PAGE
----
People sometimes talk as if the appeal of the neighbourhood pub is self-evident and universal… but is it?
We ran the above poll on Twitter after reading this admittedly rather thin PR piece via a property news website. It suggests that the presence of pubs can bring property prices down:
The homebuying platform [YesHomeBuyers] analysed property market data based on the number of pubs in each local authority and found that having too many options for a swift pint on your doorstep could be detrimental to the value of your home… In local authorities with an estimated 1 to 150 pubs, property prices averaged £289,479. This then fell by -9% to £263,041 in areas with 151 to 300 pubs and further again to £253,808 in areas with 301 to 450 pubs – a drop of -4%… The research shows in local authorities with 451 or more pubs, the average house price fell by a further -6% to £238,163, an -18% gap between those local authorities with the most and least pubs.
Unfortunately, we can well imagine this is true. Look at most suburban streets after about 8pm – they tend to be silent. Dormant.
In this context, even quiet, well-behaved pubs might seem disruptive.
We forced ourselves to have a really honest conversation about this between ourselves. Would we want to live next door to a pub?
We concluded that we wouldn’t be too bothered. We don’t have kids, don’t tend to go to bed before 11pm and, well, love pubs of all shapes and sizes.
Even so, we can understand why some people might not fancy it. You only have to look at some neighbourhood pubs to see the ghostly traces of low-level conflict:
- Don’t stand here on your mobile phone.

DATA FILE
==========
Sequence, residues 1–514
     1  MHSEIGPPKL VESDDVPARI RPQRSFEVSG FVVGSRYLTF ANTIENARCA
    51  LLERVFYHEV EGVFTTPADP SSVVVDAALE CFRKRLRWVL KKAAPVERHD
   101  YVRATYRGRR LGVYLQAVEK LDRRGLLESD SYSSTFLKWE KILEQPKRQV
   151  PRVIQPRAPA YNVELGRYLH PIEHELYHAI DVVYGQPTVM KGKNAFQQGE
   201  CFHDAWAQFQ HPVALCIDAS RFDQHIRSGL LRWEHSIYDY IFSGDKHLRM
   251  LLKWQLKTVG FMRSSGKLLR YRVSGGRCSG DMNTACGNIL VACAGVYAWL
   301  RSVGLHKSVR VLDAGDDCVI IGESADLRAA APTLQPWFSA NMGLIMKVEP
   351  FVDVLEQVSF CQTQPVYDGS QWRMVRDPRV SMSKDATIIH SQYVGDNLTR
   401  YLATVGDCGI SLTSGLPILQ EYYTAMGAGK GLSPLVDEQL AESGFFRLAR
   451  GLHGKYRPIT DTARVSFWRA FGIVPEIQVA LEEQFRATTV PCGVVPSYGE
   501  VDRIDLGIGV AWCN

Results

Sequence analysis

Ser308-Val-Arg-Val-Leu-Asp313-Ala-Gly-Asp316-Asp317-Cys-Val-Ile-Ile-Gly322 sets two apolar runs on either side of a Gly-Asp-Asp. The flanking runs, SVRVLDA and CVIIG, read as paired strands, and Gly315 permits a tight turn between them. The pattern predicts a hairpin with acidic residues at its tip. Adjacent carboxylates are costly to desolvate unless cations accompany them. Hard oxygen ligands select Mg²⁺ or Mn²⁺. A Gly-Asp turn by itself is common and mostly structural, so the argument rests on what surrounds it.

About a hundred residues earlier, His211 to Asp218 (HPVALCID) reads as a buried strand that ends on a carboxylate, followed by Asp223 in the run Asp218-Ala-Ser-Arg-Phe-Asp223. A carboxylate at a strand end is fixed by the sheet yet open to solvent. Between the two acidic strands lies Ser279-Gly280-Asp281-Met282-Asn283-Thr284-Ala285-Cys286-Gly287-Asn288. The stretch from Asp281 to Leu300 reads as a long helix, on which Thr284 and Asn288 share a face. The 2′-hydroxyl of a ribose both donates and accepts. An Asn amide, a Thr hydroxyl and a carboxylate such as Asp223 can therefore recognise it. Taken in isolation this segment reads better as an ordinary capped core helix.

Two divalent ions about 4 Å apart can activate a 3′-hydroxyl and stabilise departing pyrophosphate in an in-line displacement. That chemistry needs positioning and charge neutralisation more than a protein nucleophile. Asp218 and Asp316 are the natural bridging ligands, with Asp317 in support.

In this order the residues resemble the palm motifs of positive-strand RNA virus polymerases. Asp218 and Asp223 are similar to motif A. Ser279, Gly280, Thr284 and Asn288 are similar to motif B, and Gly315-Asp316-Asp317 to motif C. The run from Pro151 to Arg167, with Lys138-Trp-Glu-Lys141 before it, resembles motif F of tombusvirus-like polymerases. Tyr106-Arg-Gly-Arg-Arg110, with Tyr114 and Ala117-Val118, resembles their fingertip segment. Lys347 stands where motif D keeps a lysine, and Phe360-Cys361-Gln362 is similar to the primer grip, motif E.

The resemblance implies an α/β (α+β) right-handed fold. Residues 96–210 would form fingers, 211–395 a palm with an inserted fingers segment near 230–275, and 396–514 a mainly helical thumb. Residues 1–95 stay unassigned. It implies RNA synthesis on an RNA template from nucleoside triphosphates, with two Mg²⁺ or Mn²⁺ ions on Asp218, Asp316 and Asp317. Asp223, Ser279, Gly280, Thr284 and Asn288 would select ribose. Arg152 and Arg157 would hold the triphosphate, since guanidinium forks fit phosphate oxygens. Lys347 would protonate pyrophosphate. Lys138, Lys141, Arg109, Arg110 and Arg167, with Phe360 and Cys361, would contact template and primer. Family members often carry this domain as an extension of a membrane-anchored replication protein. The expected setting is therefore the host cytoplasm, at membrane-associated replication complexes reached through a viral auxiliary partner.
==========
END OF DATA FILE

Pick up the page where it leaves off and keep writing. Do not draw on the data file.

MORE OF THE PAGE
- Don’t smoke here.
- Don’t sit on this wall.
- Please leave quietly and respect our neighbours.
It’s no wonder, then, that when asked by a developer if they’d object to the pub next door being turned into flats, those disrespected neighbours might say, quietly, “Go for it, mate – knock yourself out.”
In the context of the battle for The Rhubarb, we’ve been thinking about why industrial estate taprooms might be thriving when pubs aren’t – and maybe it’s this.
Perhaps the neighbourhood corner pub is doomed, not because people don’t want to drink or go out, but because they don’t want to do it where they live.
As we put it in a Patreon post on Saturday, people want licenced premises, but “Not here, where we live, but over there, beyond the railway line, behind the jam factory, out of sight and out of mind.”
It makes sense, really. People are already used to going to retail parks and high streets to buy everything else. Why shouldn’t boozing zone itself, too?
Rezoning happens from time to time, remember. In the interwar years, pubs moved from city centre slums to suburbs and outer-rim estates. Now, that process might be reversing.
As far as we’re concerned, this is bloody miserable. Backstreet pubs on quiet residential streets are often the best of the lot.
And, yes, if you move next to a pub that’s been there for 200 years, it’s mad if you then moan about it.
Still, there’s some morning coffee to be smelled here. You can’t save pubs if you’re not realistic about how they’re viewed by people who don’t necessarily love them.
Once again, we find ourselves looking at micropubs as another pragmatic solution. They often close early – at nine or nine-thirty – and they’re usually too small to draw noisy crowds.